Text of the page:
Food Diary: Mexico

One of the best ways to explore a country is over its local food. Mexico is rich in food culture, and Mexicans have managed to preserve a lot of their traditional dishes. In Europe, we mainly know Tacos and a lot of Tex-Mex dishes like Burritos or Chili con Carne. But the food that I experienced in Mexico went way beyond anything I thought I knew or had expected from Mexican cuisine.

Freshly picked vegetables and herbs from the swimming gardens of Xochimilco (just outside of Mexico City).

Historically, Mexican Cuisine is based on the three ingredients: Squash, Chili and Corn. You will find these all over the country and at least one of them in almost every dish. Anyway, the cuisine is very versatile and differs a lot from region to region. Also, different from what Europeans might think, a lot of Mexican dishes are very healthy and made with a lot of vegetables like Nopal (cactus), Tomatillos, Avocado and beans.

Huitlacoche, corn infected by a fungus (Corn Smut). - A delicacy in Mexico.

The corn is mixed with calcium powder (to make it more nutritional) and then grounded and shaped into corn tortillas.

Freshly made Empanadas filled with beans and served with various vegetables, herbs and Guacamole. 

To be honest, everything I tried in Mexico was great, especially the street food! But some dishes that really stood out by flavor were:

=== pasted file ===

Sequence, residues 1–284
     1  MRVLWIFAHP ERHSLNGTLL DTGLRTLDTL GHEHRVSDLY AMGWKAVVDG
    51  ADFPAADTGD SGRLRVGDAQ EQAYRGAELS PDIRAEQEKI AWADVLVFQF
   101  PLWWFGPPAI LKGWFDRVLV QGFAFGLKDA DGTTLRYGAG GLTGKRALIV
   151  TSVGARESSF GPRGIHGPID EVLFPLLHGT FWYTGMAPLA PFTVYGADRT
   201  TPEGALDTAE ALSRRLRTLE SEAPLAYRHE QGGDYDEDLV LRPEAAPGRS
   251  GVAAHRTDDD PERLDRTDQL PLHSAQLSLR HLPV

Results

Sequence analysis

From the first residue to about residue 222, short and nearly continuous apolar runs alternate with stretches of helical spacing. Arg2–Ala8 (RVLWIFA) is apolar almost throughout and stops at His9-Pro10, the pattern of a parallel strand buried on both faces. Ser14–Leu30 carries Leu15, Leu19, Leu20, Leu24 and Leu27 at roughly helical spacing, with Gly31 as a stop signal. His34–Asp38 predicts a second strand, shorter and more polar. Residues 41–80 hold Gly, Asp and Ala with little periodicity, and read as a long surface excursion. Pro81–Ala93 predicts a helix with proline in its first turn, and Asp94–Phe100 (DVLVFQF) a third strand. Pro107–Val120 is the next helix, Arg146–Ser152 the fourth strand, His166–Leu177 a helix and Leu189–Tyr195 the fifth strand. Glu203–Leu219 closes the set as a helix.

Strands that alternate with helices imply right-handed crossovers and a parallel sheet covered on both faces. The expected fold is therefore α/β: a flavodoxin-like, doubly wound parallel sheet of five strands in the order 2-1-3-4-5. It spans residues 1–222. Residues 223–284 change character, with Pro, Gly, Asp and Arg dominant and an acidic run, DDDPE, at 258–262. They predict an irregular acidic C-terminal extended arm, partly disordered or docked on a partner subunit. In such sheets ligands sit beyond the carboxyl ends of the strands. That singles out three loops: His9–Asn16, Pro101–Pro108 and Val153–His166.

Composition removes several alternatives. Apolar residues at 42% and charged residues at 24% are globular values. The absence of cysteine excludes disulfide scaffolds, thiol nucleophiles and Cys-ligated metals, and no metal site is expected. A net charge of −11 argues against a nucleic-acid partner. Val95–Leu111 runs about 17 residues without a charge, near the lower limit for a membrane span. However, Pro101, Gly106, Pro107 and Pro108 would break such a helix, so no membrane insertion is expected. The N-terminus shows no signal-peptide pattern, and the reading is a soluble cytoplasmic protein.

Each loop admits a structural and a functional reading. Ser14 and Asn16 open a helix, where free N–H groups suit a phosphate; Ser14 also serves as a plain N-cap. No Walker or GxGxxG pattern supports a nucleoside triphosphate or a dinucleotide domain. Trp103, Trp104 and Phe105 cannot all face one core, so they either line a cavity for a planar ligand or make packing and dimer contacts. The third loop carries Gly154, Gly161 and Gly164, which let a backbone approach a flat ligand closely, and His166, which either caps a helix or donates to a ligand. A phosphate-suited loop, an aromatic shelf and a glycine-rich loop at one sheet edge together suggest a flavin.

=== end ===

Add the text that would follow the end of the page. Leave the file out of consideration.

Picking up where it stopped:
Relleno Negro: Could maybe be described as the Yucatán version of Mole, but is very different in taste and texture. Relleno Negro is a stew that goes back to the Pre-Columbian cultures of the Maya in Mexico and is still prepared the same way. Here as well, the black color comes from roasting the ingredients to an almost burnt level and gives the dish a very smoky flavor. It is usually prepared with turkey, pork and mixed chili peppers and then served with eggs and tortillas. The stew reminded me a lot of classic gravy, but with a strong flavor of ashes.

Mole Negro: A traditional Oaxacan dish, which is based on a variety of different chilies and other ingredients like cinnamon and Mexican chocolate, that are evenly roasted until almost black and then simmered along with a long list of different ingredients for a couple of hours. The result is a deep brown almost black (negro) thick sauce, with a velvetlike texture and very complex, almost sweet and rich flavors. Mole comes traditionally in 7 different variations (Verde, Rojo, Amarillo, …) and can be described as the essence of Oaxacan cuisine. It can be served with meat, enchiladas, beans and and and.

Pulque: A slightly alcoholic drink made from Agave, that was already consumed by the Aztecs. This drink, different to other alcoholic drinks, is not fermented with yeast, but with a bacterium called Zymomonas Mobilis. It was served to us in a calabash, the taste was slightly sour sweet and very refreshing. To me, it tasted a little bit like fresh sweet corn. Pulque is also often mixed with other ingredients to give it a more fruity taste and bright color.

Sikil P'ak: A salsa made from grounded and roasted pumpkin seeds, - another classic from the Yucatán area and based on old Mayan recipes. This salsa was not spicy at all and very nutty, something I really didn’t expect to find in Mexico.

From left to right:

  • Caldo de Pollo (Chicken soup)
  • Cucumber/Celery Snack with Cinnamon and Salsa
  • Relleno Negro with chicken and boiled egg
  • Huveos Rancheros with Salsa Verde and Cotija Cheese
  • Huveos Mexicanos with black beans
  • Mole Negro with tender Chicken
  • Fresh Oysters from the Pacific Ocean
  • Pulque, served in a calabash
  • Aqua de Jamaica
  • Enchiladas con Mole Verde
  • Mexican Crisp Mix
  • Tacos de Bisteca
  • Smoky salsa
  • Tamales made from ground corn, vegetables and beans
  • Oaxacan Tlayuda
  • Taco Mix 
  • Sikil P'ak (Roasted Pumpkin Seed Salsa)
  • Roasted and fermented Agave Fiber (for the manufacturing of Mezcal)